Property Management Experts

Experts on Property Management may also be presented by the plaintiff. By being certified property managers, these experts are able to weigh in on whether or not commercial and residential buildings have been adequately maintained and preserved.

Parks & Recreation Experts

Experts on Parks and Recreation may provide helpful testimony at trial.  These experts are knowledgeable on all aspects of parks and playgrounds, including equipment design, construction, and supervision.

When hiring an expert, one should thoroughly question the expert and confirm whether he or she is right for the job. It is best interest to ask about the expert’s history of dealing with the exact issue of liability. 

Plaintiff’s Experts In A Premises Liability Case

When examining the plaintiff’s retained liability expert on direct examination during trial, it is important to establish a code violation or any other reason to establish negligence or notice. 

For direct examination of medical expert, the primary focus of plaintiff’s counsel will be to get the amounts of past and future medical bills into evidence.

As with every expert who testifies at trial, the attorney must qualify the expert and the foundation for their opinions. This should only take a few minutes so as to not bore the jury. The attorney must ask the expert: 

What do you do for a living?  

What is your educational background and work experience in the field? 

How long have you been working in the field? 

Were hired as an expert in this case? 

What were you hired to do? 

What documents did you review in forming your opinions? 

It is important to help the jury understand what was reviewed in order to form the opinion and identify documents that the attorney may later want to move into evidence for the jury to see, such as a medical bill or photograph.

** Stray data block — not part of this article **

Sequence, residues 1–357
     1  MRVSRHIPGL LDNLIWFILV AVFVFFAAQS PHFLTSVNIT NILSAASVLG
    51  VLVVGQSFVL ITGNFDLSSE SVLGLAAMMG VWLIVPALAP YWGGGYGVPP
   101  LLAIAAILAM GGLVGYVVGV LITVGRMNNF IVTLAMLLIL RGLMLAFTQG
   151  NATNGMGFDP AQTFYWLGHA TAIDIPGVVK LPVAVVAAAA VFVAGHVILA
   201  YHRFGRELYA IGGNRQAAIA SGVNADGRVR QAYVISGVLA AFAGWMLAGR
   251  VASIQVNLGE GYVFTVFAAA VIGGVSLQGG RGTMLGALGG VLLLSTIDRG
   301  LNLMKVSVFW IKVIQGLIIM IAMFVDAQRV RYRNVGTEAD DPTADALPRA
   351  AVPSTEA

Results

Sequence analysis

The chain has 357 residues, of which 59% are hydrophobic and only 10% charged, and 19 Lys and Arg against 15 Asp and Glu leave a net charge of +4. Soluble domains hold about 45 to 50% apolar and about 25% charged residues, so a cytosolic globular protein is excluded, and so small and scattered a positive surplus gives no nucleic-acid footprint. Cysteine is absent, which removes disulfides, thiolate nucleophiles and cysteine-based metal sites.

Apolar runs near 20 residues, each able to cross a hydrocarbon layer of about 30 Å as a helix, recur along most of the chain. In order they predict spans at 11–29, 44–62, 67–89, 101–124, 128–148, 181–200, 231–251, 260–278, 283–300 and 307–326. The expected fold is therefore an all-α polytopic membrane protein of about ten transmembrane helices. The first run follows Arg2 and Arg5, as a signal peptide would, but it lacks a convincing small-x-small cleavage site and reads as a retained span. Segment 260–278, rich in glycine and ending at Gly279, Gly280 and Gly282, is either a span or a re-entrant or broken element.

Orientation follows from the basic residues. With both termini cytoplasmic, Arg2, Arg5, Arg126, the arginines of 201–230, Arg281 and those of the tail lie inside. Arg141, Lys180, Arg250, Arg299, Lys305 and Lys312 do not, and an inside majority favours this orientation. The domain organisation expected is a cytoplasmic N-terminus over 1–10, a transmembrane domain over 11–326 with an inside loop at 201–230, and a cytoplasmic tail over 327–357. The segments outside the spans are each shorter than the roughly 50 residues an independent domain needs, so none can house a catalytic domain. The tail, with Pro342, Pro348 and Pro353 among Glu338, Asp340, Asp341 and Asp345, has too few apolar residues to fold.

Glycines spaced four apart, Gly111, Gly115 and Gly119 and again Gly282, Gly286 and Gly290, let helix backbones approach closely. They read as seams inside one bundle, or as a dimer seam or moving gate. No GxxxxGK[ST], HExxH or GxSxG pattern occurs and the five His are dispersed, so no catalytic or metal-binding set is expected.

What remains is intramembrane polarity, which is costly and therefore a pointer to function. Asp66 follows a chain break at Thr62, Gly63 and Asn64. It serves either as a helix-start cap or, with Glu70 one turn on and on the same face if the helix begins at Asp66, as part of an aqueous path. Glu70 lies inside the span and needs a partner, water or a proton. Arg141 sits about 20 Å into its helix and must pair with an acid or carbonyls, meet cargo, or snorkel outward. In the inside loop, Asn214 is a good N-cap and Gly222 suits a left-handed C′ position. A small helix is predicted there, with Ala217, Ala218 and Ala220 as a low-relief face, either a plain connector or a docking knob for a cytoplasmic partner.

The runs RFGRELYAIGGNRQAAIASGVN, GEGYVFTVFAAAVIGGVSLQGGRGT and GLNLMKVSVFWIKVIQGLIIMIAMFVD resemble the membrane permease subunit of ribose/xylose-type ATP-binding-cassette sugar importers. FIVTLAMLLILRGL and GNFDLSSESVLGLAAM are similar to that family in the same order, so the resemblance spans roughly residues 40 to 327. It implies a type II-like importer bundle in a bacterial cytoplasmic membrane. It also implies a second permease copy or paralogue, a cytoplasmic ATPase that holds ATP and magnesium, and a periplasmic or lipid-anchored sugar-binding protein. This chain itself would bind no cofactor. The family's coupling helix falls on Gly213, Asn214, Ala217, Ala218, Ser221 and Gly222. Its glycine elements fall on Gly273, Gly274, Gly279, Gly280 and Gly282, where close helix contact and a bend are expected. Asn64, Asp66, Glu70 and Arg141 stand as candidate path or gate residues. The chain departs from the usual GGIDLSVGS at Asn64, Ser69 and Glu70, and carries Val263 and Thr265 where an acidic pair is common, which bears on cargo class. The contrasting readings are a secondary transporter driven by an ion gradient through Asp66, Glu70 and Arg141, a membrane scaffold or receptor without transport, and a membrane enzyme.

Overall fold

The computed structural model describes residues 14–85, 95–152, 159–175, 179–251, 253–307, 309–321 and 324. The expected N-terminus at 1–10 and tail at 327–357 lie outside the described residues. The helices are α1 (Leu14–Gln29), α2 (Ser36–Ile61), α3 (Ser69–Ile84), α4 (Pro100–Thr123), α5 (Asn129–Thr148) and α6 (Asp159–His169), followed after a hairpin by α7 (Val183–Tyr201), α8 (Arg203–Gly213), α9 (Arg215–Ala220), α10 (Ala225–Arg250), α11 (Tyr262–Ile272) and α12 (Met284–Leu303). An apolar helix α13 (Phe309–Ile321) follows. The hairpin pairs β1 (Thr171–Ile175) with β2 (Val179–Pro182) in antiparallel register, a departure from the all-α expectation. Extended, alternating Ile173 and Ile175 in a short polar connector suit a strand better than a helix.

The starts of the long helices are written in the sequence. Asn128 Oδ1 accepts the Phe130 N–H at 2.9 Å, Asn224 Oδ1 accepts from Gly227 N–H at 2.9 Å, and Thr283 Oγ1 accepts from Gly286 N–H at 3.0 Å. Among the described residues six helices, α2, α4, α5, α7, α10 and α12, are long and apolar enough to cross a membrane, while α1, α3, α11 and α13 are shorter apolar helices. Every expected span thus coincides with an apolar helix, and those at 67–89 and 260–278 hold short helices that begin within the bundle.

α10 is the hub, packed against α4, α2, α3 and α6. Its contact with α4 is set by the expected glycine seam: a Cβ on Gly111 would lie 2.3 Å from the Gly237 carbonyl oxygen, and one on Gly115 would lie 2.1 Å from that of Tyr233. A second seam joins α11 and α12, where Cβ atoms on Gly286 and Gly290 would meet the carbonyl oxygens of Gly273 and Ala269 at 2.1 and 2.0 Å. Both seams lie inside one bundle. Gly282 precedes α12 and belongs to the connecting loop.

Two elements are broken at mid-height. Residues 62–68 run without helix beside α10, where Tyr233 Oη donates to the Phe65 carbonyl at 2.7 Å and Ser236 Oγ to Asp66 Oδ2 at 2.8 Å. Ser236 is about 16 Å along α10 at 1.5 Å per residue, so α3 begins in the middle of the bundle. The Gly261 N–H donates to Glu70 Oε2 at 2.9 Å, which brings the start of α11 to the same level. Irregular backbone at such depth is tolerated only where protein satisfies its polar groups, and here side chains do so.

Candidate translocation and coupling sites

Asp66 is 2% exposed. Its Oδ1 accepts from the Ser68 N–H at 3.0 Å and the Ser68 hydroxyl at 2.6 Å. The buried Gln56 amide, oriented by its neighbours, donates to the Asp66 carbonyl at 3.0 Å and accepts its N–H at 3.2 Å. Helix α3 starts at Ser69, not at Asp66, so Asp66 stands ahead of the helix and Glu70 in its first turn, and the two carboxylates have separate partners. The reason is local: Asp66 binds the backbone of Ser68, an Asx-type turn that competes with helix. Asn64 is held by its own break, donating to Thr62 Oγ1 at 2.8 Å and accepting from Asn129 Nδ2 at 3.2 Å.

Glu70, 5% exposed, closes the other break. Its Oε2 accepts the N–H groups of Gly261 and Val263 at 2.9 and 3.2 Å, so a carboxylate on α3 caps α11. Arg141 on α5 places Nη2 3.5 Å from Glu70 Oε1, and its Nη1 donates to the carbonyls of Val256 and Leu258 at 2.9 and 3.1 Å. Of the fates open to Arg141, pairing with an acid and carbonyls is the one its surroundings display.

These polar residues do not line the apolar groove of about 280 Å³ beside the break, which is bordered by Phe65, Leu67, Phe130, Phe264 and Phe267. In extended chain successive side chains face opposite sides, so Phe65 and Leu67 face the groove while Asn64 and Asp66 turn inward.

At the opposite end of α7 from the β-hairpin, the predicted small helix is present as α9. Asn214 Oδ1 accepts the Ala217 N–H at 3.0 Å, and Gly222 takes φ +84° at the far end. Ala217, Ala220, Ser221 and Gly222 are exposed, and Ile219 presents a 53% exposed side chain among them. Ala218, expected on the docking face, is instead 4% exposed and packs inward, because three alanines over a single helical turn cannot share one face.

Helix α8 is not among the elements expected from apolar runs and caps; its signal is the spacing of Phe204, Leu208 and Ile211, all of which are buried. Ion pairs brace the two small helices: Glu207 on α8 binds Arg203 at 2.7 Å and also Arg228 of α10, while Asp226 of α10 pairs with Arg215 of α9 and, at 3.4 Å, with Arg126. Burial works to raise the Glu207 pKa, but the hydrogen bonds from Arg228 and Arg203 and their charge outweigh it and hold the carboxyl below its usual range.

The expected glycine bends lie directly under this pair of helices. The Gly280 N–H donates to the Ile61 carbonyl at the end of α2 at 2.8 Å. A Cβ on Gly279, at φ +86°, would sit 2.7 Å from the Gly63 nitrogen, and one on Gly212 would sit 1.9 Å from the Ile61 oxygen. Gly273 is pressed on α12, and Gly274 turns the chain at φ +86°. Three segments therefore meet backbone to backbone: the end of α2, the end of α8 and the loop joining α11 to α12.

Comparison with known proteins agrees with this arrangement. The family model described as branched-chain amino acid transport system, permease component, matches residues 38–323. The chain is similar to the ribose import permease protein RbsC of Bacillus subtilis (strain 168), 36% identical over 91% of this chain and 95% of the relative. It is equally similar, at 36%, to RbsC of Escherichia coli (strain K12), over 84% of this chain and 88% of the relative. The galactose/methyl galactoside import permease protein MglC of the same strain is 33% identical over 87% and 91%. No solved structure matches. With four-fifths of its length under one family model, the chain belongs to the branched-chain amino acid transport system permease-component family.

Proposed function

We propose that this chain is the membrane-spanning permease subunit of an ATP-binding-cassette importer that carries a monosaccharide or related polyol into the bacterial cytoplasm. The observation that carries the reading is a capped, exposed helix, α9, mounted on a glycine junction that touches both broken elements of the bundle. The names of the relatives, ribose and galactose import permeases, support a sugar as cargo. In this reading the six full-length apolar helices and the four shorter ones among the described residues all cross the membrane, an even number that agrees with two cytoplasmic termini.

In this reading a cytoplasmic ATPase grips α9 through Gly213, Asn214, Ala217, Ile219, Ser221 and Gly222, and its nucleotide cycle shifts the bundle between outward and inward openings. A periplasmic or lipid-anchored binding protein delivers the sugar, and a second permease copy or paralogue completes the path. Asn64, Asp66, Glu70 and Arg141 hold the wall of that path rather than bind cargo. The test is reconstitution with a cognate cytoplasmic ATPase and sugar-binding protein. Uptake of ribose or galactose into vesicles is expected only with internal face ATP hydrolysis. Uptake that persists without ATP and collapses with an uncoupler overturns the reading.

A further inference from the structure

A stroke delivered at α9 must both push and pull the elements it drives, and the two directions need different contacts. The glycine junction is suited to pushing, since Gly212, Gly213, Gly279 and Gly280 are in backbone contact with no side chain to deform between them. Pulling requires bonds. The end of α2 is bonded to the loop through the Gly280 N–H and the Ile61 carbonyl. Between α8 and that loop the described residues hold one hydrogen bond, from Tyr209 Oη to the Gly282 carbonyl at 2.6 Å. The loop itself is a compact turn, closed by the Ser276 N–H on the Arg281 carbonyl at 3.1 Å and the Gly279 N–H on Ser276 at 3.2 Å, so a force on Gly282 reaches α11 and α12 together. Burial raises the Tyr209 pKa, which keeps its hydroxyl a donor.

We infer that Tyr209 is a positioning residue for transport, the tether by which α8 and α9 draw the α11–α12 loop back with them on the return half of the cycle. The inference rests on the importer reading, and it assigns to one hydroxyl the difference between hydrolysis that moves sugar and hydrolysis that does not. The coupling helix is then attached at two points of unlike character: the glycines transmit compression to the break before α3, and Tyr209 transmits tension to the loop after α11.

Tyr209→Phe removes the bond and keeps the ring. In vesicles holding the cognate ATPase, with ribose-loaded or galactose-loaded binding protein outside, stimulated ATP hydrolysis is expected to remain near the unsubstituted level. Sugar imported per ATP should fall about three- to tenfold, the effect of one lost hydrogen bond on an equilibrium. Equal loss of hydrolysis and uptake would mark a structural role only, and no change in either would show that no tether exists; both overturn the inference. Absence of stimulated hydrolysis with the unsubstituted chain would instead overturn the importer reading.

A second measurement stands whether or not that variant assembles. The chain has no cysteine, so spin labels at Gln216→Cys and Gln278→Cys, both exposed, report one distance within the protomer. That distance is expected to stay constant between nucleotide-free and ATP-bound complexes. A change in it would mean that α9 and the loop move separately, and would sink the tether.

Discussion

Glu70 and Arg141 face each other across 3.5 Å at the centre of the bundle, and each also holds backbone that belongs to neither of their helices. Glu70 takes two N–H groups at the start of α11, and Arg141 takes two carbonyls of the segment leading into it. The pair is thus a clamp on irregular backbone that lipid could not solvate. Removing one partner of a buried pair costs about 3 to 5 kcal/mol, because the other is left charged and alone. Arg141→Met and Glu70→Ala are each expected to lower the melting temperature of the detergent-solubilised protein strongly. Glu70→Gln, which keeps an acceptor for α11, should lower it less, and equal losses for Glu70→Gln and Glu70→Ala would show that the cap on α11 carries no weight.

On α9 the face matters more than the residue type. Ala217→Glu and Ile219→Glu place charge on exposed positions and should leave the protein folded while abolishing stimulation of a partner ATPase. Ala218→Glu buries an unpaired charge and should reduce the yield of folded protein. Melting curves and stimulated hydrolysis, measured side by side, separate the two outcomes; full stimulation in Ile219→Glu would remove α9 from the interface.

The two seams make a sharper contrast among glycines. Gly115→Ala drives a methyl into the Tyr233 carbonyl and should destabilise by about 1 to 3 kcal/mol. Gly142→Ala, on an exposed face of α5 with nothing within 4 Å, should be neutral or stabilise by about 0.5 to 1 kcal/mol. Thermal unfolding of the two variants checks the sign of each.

In practice, to make the trial and witness testimony go more smoothly, the attorney should request that the opposing counsel stipulate to admit things that may be introduced into evidence. The authentication and foundation of certain pieces of evidence can be admitted in exchange for the opposing counsel’s same requests. These stipulations should be agreed to in advance of trial. In addition, pursuant to California Code of Civil Procedure section 2024.415, documents must be exchanged 3 days before the expert’s depositions, or the documents may be excluded at trial

Once the foundation is established for the expert’s testimony, it is critical to get the expert to explain what are their opinions and the basis for those opinions. It is important to ask the expert if the opinions given are to the legal standard of the “preponderance of the evidence” or “more likely to be true than not true.” Failure to clarify this could be fatal to the case if the opinion is ultimately excluded.

The expert may also use demonstrative evidence during the examination. At trial, the liability expert may step down from the witness stand and draw on a display board or set up a replica of the scene. This visual gives the jury the sense that they are being taught from a professional and keeps the jury focused and engaged.

The Defense Expert In A Premises Liability Case

During the deposition questioning of the defense expert, the good strategy is to get the expert to give concessions and agree with the arguments and theories presented by the Plaintiff’s expert that support the plaintiff’s case.  Experts will agree with other experts on many issues.  Videotaping of the defense expert’s deposition is critical.  During the during the cross-examination questioning of the defense expert at trial, the clips of the videotaped deposition may be played to the jury.  Plaintiff’s counsel can first start getting the defense expert to agree with the undisputed facts, such as:  

“You agree the incident occurred at the [specific location]?” 

“You agree that Plaintiff fractured her femur in the incident?”